The format string "ReadSdo=%d\n" gets reduced to "%d\n" somehow or a carriage return is inserted but strangely without a line feed.

    Posting the complete code doesn't make sense as it requires special hardware to execute. If nobody has a plausible explanation why this should happen (me messing up C, again) I'll try to figure out what's going on in the generated pasm code...

  • evanhevanh Posts: 15,043

    Stack or heap overflow maybe. Is this running on a second cog?

  • I think it has something to do with the fact that I call printf() from more than one cog. I think they should happen strictly in sequence and not concurrently because the client cog always waits for the server/driver cog to complete a command before doing the next step. But anyway, some of the characters in the buffer are swallowed.

  • IIRC that has to do with how flexspin attempts to avoid linking in the full dynamic printf implementation (awful and slow) by parsing the format string at compile time and generating hardcoded formatting calls instead. Having a function print while in a printf argument list causes some problem. I think you can use fprintf with stdout if you really want to, but that will link in all the bloatware.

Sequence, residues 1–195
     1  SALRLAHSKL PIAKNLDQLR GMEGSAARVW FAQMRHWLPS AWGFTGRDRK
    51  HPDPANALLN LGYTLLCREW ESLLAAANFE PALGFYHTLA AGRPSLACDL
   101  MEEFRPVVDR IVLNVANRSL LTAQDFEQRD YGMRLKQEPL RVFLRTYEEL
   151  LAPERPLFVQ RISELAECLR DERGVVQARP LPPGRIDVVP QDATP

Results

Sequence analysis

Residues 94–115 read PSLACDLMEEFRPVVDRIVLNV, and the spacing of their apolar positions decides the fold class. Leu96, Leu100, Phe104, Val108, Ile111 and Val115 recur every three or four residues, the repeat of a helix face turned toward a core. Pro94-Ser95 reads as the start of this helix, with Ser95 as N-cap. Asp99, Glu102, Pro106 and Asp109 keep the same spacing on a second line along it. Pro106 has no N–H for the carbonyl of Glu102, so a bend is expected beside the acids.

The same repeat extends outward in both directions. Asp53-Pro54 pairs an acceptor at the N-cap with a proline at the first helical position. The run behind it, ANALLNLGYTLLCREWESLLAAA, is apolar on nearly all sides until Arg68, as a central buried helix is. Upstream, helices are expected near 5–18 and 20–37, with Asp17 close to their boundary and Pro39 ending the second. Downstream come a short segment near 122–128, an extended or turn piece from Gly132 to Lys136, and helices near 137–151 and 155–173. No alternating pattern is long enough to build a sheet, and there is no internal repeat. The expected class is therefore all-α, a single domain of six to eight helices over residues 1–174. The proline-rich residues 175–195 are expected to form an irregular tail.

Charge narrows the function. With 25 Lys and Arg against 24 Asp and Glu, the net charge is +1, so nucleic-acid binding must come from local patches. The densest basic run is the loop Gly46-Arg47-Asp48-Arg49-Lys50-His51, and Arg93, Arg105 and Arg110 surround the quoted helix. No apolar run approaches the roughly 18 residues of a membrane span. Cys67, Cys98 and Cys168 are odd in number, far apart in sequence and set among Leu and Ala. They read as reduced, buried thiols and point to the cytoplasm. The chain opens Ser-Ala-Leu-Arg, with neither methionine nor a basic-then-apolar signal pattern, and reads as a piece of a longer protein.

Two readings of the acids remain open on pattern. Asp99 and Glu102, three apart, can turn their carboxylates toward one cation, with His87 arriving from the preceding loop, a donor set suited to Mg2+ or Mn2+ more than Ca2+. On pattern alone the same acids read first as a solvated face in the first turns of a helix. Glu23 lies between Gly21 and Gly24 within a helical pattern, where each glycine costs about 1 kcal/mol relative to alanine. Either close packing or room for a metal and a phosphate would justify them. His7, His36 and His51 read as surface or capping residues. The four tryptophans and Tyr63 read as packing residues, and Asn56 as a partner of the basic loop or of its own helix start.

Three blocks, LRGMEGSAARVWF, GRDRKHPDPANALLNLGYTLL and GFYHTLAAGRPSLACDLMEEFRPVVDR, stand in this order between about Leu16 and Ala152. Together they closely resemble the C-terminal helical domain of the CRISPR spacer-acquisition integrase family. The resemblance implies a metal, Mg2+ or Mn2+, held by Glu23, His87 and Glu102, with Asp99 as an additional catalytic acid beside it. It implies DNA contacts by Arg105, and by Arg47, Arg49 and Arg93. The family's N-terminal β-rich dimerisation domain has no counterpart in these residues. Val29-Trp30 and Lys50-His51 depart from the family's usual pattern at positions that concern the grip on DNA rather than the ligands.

• I think I have to write my own debugging output functions, anyway. I just encounter some awful race conditions where everything works perfectly as long as there is enough delay caused by the printf()s and everything doesn't as soon as I remove them. :#

    It has to run damn fast so all parsing and serial communication has to be avoided alltogether. I think I'll implement some hardcoded functions that take a pointer to a string, zero to four integer arguments or a pointer and size for a memory dump. This is written to a large buffer like a logfile in RAM. After I have detected a fault condition the whole buffer is parsed and the output formatted and transferred over the serial port.